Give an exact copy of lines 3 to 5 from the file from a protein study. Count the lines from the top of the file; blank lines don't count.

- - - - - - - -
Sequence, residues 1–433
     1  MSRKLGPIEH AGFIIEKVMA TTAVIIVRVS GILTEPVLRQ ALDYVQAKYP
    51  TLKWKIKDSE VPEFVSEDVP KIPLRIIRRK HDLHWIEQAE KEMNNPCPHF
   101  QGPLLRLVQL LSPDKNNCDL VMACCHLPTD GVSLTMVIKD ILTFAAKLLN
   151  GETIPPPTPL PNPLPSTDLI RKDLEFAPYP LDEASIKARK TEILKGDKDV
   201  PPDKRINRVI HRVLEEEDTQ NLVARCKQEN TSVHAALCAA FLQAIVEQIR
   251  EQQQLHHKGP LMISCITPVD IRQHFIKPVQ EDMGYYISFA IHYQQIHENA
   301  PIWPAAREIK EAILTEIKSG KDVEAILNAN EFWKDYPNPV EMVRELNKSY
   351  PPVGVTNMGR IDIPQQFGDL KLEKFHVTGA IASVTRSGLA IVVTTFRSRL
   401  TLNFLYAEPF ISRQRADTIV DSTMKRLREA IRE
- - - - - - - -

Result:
    51  TLKWKIKDSE VPEFVSEDVP KIPLRIIRRK HDLHWIEQAE KEMNNPCPHF
   101  QGPLLRLVQL LSPDKNNCDL VMACCHLPTD GVSLTMVIKD ILTFAAKLLN
   151  GETIPPPTPL PNPLPSTDLI RKDLEFAPYP LDEASIKARK TEILKGDKDV